That effort was enough to psychologically take care of his competition. But Myricks came back with a 27-9 1/2 jump, and Conley pressed Lewis by soaring 28-3 3/4.
No one, however, could improve, and Lewis scored his 48th straight victory in the event. He hasn’t been beaten since 1981.
Conley, who is also a skilled triple jumper, has been past the 28-foot barrier before with aiding winds. He wasn’t about to back off from Lewis.
“When you come to jump against Carl, you have to be prepared to go 28 feet,” Conley said. “You can’t just ooh and aah because he jumps 28 feet.”
Then, Conley spread his fingers a few inches apart and grinned.
“That’s only two inches,” he said. “Some day, he’s going to be two inches shorter and I’m going to be two inches farther. I know I can do it.”
For the present, at least, Lewis is still track and field’s superman. He’ll try to be a triple winner today when he goes after the 200-meter title.
“I relaxed most of the year, but I was preparing myself for the big meets,” he said, “and I wasn’t afraid to lose while I was dabbling.”
Dabbling for Lewis was voice lessons, songwriting and acting.
There were other creditable performances on the second day of the national championships, namely:
--Greg Foster took early command of the 110-meter high hurdles race to win convincingly in 13.26 seconds.
Tonie Campbell and Al Joyner both crashed into hurdles and fell while straining to catch up with Foster.
Foster had complained of a strained hamstring muscle in qualifying races Thursday.
“I had kind of a pep talk from my coach (Bob Kersee),” Foster said with a tinge of sarcasm. “I was told to get out there and tear it (the hamstring), or make it.”
--USC’s Wendy Brown won the women’s triple jump with a world’s best mark of 45-2 1/2 under any conditions. She had an aiding wind of 2.73 m.p.s.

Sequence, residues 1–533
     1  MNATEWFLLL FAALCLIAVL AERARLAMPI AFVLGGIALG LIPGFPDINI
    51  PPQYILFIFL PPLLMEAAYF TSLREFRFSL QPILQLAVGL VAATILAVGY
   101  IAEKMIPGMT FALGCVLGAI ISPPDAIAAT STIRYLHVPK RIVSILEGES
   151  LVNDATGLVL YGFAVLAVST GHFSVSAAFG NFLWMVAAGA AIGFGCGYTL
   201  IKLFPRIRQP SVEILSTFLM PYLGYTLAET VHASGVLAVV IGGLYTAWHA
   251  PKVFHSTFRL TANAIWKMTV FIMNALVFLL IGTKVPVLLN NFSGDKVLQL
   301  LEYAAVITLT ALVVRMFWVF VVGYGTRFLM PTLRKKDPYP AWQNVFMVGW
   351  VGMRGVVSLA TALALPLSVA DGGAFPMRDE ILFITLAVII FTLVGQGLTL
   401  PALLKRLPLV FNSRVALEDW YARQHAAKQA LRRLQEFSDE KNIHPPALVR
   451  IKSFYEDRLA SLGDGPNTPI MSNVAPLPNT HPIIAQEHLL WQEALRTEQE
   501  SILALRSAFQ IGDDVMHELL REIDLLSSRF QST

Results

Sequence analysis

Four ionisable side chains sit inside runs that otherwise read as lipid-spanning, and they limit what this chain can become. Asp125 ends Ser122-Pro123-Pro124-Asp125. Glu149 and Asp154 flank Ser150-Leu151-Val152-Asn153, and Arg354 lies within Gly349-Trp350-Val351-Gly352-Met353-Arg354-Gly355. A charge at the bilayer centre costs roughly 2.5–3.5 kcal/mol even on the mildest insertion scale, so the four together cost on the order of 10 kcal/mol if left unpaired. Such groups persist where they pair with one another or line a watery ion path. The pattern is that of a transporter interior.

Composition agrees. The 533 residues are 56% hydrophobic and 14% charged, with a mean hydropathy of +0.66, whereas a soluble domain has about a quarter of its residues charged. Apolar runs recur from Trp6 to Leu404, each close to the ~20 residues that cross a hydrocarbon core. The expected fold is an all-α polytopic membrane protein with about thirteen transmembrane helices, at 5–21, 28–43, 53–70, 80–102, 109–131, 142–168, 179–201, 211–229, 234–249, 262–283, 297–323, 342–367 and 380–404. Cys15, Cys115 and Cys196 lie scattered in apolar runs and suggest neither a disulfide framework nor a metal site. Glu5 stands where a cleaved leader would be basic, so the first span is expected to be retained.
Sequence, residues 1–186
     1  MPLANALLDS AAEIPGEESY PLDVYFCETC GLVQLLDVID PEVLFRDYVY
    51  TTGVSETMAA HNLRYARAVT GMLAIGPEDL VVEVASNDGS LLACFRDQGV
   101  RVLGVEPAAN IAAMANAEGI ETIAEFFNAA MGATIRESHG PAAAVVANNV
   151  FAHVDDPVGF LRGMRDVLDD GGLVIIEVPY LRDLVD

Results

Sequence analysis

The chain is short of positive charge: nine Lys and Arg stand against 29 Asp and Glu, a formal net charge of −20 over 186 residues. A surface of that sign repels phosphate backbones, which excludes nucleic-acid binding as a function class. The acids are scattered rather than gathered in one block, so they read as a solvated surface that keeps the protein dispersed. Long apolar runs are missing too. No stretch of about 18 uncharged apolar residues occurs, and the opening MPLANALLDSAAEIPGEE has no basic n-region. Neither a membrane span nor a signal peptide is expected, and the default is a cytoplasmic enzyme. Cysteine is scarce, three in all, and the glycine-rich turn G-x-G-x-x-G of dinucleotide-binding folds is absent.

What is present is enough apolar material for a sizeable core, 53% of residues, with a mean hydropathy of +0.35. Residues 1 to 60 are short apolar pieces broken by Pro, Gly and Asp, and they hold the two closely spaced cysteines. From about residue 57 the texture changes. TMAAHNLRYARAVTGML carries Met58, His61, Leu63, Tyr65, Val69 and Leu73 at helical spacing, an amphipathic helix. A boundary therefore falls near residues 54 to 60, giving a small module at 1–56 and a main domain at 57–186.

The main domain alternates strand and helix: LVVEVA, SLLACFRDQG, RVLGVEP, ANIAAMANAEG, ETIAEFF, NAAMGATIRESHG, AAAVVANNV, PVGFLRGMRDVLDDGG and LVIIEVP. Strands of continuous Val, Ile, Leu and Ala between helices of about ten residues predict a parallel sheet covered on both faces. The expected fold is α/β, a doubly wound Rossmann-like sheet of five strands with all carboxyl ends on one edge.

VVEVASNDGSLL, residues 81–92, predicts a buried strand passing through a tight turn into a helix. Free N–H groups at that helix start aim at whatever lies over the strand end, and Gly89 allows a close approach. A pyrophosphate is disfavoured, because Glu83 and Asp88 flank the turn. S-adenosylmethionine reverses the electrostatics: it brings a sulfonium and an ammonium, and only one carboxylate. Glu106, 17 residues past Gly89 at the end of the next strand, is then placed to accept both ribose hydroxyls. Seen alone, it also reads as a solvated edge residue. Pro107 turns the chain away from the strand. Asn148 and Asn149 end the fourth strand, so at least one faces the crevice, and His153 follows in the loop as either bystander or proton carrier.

The women’s event isn’t officially recognized by the International Athletic Assn. Federation (IAAF). And Brown can’t even go to the Goodwill Games in Moscow, starting July 5--as other American winners will--because the triple jump isn’t on the program.
“It bothers me that there aren’t any more meets for me to triple jump,” said Brown, a USC sophomore from Palo Alto, “but maybe I can find one somewhere.”
--John Brenner, the former UCLA star, won the shotput with a throw of 69-2 1/2, and Benita Fitzgerald-Brown won the women’s 100-meter hurdles in a wind-aided 12.83 seconds.
But the day, as usual, belonged to Lewis. Just like “old” times.
Track Notes UCLA’s Kevin Young advanced to today’s finals in the 400-meter intermediate hurdles by winning his semifinal heat in 49.03 seconds. Favored Danny Harris won the other semifinal in 48.93. Young’s UCLA teammate, Danny Everett, had a career best time of 45.10 in his semifinal heat of the 400 . . . Al Oerter, the four-time Olympic champion in the discus, is still going strong at age 49. He qualified for today’s discus final with a throw of 195-2 . . . Pam Marshall was ranked only fifth in the U.S. in the 100 last year . . . There have been only three faster, wind-aided times in the 100 other than Carl Lewis’ 9.91 effort: William Snoddy, 9.87; James Sanford, 9.88 and Lewis (9.90).